Once all the settings are dialed in, start shooting! You can have your camera shoot either horizontally or vertically. I prefer shooting with my camera in portrait mode (vertical) because it allows me to capture more of the sky and foreground and gives me more space to crop my images if needed.
Now the trick is to make sure each shot overlaps by about 1/3rd with the previous one. This helps Lightroom stitch more efficiently.
You can shoot as wide as you want: 90º, 180º angle, or even 360º full circle panorama.
And you’re done! Offload your images into Lightroom, reset all the settings on your camera and let’s start stitching!
II – How to stitch in Lightroom:
Once your images are in Lightroom, select all of the necessary images for your panorama. (If you don’t know how, click on the first image of the panorama, hold Shift and click on the last image. It will select them all at once).
And now comes the REALLY difficult part. Hang on!
Once the images are selected, right click on any of them and go to Photo Merge > Panorama. Or just click Ctrl+M (Cmd+M on Mac).
A new window will open and Lightroom will start stitching your images together and create a preview. Now THAT was hard…
Sit back for a second and admire your panorama preview. Lightroom usually does a great job stitching all the images seamlessly. On the top right corner, you will have a few “Projection” options. You can click on them to see what looks best for your particular panorama and LR will recreate a preview each time.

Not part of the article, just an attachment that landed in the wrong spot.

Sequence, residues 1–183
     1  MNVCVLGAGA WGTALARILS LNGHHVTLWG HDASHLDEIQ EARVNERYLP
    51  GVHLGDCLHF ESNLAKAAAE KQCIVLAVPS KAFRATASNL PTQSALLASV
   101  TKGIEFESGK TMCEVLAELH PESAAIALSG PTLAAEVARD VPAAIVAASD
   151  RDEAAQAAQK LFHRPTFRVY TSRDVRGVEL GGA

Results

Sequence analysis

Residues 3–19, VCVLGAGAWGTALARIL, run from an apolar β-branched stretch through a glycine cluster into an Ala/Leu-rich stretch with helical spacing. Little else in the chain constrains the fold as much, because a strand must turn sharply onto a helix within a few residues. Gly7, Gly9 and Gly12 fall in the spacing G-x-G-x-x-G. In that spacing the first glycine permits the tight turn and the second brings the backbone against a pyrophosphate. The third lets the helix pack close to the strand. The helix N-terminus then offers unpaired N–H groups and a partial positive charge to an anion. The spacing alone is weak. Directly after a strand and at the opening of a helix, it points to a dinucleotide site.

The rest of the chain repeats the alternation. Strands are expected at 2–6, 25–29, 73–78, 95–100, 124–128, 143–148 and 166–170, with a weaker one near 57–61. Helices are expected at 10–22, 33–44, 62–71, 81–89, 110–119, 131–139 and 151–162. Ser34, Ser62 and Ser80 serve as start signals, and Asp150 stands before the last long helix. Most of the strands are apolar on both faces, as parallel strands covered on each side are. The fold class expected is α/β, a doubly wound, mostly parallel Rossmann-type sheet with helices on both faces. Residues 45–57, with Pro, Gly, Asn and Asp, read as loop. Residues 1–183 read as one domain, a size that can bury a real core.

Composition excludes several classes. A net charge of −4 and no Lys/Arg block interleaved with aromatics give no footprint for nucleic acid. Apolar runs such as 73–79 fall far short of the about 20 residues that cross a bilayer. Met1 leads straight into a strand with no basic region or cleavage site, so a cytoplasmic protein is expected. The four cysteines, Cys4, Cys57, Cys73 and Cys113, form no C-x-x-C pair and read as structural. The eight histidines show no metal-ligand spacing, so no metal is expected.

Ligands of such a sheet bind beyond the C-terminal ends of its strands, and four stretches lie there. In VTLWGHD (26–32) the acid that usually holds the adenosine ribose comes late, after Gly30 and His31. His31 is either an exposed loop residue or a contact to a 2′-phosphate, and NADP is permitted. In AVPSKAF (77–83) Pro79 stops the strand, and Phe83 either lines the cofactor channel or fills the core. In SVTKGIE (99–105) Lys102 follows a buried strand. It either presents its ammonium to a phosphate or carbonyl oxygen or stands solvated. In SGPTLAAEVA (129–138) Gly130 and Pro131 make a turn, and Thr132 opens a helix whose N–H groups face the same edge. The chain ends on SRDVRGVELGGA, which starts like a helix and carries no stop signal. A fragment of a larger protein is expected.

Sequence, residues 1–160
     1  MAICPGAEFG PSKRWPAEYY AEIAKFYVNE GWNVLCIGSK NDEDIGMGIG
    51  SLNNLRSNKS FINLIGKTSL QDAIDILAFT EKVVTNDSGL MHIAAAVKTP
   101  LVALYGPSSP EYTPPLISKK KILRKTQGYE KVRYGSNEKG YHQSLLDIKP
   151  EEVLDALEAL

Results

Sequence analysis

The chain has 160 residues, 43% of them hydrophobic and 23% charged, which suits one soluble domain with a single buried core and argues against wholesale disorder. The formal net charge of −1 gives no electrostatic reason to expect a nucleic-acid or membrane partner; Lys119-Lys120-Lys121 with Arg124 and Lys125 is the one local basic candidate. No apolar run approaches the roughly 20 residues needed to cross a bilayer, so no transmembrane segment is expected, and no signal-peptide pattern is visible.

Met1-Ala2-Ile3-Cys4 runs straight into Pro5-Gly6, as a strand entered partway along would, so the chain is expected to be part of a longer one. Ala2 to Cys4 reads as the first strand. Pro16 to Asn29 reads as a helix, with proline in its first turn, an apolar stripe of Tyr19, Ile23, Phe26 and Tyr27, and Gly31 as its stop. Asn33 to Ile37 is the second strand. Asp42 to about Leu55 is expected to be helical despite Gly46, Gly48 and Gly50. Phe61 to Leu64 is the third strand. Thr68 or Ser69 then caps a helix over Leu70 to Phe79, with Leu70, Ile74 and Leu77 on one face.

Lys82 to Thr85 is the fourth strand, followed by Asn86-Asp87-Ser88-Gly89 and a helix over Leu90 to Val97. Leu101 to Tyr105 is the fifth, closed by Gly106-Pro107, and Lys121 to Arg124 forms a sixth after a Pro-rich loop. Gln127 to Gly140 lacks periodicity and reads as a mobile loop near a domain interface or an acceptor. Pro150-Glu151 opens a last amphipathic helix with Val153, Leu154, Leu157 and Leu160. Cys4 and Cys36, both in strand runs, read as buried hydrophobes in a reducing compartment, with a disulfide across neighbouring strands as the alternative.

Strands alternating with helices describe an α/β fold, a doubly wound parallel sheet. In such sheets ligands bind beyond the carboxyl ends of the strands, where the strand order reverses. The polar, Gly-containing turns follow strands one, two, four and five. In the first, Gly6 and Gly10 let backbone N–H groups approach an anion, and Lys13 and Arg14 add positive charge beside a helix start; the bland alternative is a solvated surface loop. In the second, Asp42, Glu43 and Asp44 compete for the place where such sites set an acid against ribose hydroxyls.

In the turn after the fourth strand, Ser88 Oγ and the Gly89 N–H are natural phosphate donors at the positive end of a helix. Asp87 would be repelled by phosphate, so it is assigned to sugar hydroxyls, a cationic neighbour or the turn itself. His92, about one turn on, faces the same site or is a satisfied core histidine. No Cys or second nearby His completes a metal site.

Now you might notice, like in my example, that there are white empty spaces around the frame (especially if shot handheld). There are a couple of ways to get rid of that.
First option is to use the Auto-Crop tool on the right bar. If you check the box, Lightroom will automatically crop the image, removing all the white parts. You can also do it manually later in the develop module if you prefer.
The second option is a recent feature that Lightroom added a few months ago (in Lightroom CC, not sure about Lightroom 6): The Boundary Warp slider.
By pushing this slider to the right side, Lightroom is going to do a fantastic job and basically warp your image to cover all the white blank spaces. It’s seriously an impressive tool.
And there you go! Once you’re happy with the way your preview image looks, click on Merge and let Lightroom do its work. It might take a few minutes (or longer depending on the size of the panorama) to create the final image.
(If for some reason yo can’t find the final image in your Library, just use the Text search button and type Pano).
The biggest advantage of having Lightroom create a panorama, is that the final image is a RAW (DNG format) file. All your RAW image details are still included and your processing will be so much more efficient.
And that’s all! You now know how to easily create a panorama in Lightroom. And here’s a bonus tip for you: your panoramas don’t have to be all horizontal. You can also create vertical panoramas which work great, especially when indoors in huge buildings.
Pin it for later!
If you liked this tutorial, feel free to share, comment and ask questions and I’ll be happy to help.